“And why should I do that?” Cloutus asked, his long, bloody tongue liking his lips. “She tasted normal enough. Nothing special about her.”

“You’re just hungry, but let me have her and I promise we’ll hunt tonight,” Hassid said, holding the knife out. “Just meet me by that café around nine o’clock, all right?”

“Nine… and you’ll help me have any I want?” Cloutus asked, the red receding back from his eyes as he calmed down. His nails grew back into his skin with a sickening crunching noise and he stood up, adjusting his clothes. He flipped his hat into the air with his boot and snagged it before ramming it on his head. “I don’t want you reneging on this later if you have some other slut you want to slum with. I want some sisters to add to my family.”

“Any two, as long as they don’t share blood with her,” Hassid said, pointing down at Gwen’s bleeding form.

Gwen reached up with a weak hand to feel her neck, surprised that the blood was clotted already, though her throat felt like it was missing a few ounces of meat. She could barely breathe, and her back was screaming in agony from the boy’s sharpened claws.

“All right… well, then I’ll see you at nine,” Cloutus said, turning to walk down the alley. He took three steps before vanishing in a swirl of mist.

Hassid knelt next to Gwen and cradled her body in his arms. He placed his lips over the ragged hole in her neck and pushed his bumpy, serpentine tongue into the gash, breaking the scab before sealing his lips over it to prevent further bleeding. Slowly, Gwen felt his tongue begin to throb and pump, a sudden burst of warmth spreading through her neck. Instantly she could breathe better, and reached up to steady herself by gripping his shoulders. She didn’t even pay attention to how sticky they were, she just reveled in the feeling of whatever he was doing, as it was chasing away the pain and refilling her wounded neck with new tissue.

Leaning back, Gwen shuddered in disgust as his tongue, a foot and a half long, swiveled around his mouth to wipe away excess gore before sliding back into his head. Hassid pulled a handkerchief from his back pocket and wiped the remaining blood from her neck. Then he put her down and sat next to her.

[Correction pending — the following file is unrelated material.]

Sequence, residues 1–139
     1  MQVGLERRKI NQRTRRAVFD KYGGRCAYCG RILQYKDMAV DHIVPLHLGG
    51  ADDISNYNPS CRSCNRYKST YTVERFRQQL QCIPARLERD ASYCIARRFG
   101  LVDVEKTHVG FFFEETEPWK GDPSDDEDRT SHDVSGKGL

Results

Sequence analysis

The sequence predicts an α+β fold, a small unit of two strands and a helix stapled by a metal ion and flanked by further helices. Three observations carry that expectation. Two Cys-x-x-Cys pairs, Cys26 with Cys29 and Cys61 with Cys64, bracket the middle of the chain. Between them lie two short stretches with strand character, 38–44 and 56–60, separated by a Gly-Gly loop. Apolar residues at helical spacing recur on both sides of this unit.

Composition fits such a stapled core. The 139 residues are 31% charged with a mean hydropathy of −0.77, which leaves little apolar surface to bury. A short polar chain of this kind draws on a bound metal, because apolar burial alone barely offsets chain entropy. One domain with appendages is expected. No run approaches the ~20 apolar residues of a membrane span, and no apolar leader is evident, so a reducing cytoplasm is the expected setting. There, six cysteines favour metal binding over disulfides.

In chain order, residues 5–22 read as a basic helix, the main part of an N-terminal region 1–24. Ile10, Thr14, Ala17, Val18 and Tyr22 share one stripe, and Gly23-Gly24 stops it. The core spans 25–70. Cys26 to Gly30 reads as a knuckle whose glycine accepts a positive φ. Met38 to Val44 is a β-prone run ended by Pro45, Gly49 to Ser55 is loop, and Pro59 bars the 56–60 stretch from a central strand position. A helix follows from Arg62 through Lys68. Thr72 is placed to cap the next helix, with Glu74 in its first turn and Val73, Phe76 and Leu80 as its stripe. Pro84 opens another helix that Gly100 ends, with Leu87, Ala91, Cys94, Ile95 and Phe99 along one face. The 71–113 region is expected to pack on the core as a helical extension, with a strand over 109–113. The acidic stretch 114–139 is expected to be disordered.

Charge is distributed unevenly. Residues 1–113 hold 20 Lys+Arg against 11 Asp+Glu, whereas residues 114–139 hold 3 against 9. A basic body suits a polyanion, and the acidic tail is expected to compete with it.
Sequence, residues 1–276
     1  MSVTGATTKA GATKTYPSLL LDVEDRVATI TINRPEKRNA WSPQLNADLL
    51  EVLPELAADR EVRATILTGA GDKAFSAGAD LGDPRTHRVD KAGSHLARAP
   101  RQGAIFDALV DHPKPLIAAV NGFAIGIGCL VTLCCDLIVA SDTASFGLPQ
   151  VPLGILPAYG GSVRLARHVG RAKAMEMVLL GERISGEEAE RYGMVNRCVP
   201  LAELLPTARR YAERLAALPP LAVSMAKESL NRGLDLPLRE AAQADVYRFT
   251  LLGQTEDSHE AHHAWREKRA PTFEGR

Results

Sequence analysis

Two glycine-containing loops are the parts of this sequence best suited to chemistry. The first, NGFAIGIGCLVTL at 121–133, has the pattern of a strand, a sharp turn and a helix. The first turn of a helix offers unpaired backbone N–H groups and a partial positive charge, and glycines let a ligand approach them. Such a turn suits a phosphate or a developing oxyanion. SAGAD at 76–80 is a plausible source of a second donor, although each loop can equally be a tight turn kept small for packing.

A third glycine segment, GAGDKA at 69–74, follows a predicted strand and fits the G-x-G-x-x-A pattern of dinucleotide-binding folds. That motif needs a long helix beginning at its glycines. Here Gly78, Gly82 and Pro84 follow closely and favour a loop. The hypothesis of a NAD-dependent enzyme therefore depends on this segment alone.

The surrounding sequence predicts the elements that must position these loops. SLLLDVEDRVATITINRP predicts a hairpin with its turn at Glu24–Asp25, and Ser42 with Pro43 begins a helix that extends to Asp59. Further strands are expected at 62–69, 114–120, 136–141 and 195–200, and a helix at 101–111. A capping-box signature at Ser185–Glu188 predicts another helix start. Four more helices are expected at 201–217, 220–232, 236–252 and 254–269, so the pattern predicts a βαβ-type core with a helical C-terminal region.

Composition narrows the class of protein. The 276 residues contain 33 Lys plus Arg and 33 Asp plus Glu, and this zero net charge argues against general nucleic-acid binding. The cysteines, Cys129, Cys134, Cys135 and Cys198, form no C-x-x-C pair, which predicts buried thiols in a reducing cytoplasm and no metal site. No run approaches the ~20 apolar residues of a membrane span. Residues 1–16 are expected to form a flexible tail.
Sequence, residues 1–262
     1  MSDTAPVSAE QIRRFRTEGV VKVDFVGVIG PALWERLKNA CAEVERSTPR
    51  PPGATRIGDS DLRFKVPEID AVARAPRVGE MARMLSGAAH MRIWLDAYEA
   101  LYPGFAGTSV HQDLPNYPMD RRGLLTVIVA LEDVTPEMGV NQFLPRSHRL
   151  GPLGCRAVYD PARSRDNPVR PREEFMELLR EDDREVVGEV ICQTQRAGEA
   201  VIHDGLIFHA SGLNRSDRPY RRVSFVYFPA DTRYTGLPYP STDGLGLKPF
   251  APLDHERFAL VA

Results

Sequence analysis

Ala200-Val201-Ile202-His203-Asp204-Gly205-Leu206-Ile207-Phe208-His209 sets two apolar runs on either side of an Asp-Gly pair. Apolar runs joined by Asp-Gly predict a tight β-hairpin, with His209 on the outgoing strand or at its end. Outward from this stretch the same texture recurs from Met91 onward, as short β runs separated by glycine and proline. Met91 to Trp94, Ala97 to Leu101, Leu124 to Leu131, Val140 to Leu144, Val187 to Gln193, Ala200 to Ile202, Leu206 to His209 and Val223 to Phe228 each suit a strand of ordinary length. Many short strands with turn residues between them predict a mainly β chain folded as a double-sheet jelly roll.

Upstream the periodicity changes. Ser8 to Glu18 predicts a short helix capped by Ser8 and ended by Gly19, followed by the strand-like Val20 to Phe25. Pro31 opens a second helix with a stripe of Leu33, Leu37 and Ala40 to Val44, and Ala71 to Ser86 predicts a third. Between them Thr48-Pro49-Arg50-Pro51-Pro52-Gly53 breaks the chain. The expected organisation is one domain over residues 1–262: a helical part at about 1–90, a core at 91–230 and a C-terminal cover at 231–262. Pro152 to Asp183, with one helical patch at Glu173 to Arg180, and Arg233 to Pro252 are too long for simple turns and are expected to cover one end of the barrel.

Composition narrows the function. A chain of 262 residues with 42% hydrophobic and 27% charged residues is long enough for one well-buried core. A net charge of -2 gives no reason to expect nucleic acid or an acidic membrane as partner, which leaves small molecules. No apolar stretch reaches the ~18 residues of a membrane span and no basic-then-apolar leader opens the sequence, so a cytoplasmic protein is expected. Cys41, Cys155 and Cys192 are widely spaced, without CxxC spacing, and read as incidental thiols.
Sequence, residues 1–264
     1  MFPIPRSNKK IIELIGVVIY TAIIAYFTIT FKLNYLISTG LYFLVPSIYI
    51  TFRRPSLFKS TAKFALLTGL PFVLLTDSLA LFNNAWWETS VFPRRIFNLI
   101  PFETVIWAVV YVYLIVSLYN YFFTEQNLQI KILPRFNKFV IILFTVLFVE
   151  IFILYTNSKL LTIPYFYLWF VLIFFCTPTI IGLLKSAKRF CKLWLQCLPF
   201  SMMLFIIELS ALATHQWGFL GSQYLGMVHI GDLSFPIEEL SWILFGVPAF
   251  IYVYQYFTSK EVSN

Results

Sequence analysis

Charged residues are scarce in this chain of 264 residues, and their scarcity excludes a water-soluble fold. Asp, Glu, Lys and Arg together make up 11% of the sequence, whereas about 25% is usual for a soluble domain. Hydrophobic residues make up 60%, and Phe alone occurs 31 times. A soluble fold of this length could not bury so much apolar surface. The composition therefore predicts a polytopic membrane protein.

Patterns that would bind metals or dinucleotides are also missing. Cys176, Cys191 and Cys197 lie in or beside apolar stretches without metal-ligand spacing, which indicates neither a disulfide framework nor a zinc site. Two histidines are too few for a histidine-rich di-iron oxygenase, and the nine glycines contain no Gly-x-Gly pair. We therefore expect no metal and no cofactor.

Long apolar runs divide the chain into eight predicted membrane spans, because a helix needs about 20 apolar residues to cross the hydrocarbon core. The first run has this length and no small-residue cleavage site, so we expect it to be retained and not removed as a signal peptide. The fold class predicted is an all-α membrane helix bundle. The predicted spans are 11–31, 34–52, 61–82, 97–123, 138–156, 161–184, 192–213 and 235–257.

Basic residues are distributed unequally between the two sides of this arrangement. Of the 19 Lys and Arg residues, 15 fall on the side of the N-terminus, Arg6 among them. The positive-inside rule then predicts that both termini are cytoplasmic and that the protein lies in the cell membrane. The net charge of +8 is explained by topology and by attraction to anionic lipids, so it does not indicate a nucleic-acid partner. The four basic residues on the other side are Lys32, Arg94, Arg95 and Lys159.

“What… what happened?” she asked, her voice raspy and dry. She reached up and felt the tender section of her neck that Cloutus had torn open. It felt bruised, and ached with every heartbeat.

Better than what was happening earlier… she thought, looking over at her savior. He was tucking the ruined handkerchief into his pocket, a frown clouding his face.

“You were attacked by a vampire,” Hassid said.

She stared at him in shock until she remembered what the little boy had done before Hassid had intervened.

“Even though I healed you, you’re still weak from blood loss,” he went on. “Here, take these.”

He reached into his pocket and tossed a small bottle to her.

“Iron pills?” she asked, glancing at the label.

“You just lost a lot of blood… B positive, correct?” Hassid asked.

“Yeah, how’d you… know that?”

She put a hand to her temple as her head spun.

He urged her to take two pills, which she did, swallowing them dry. She tried not to think about what had just happened, but knowing that both her attacker and savior dressed the same, had similar features, and possessed unnatural tongues led her to believe that she might not be safe around Hassid. He continued talking as she thought of a way to get away from him.

“I tasted it when I sealed your wound, plus you have a bruise somewhere on you; I can smell the blood from here,” Hassid replied.

“That’s creepy… listen, can you, like, go away? You’re kind of a freak, and I’m covered in bloodstains. I know you didn’t cause them, but if we walk out of the alley like this, then people will say things. This is a small town, despite our local party school, and I know a lot of these people. They’ll talk.”

Hassid smiled. “People are always saying things. Your father said that a few times around me.”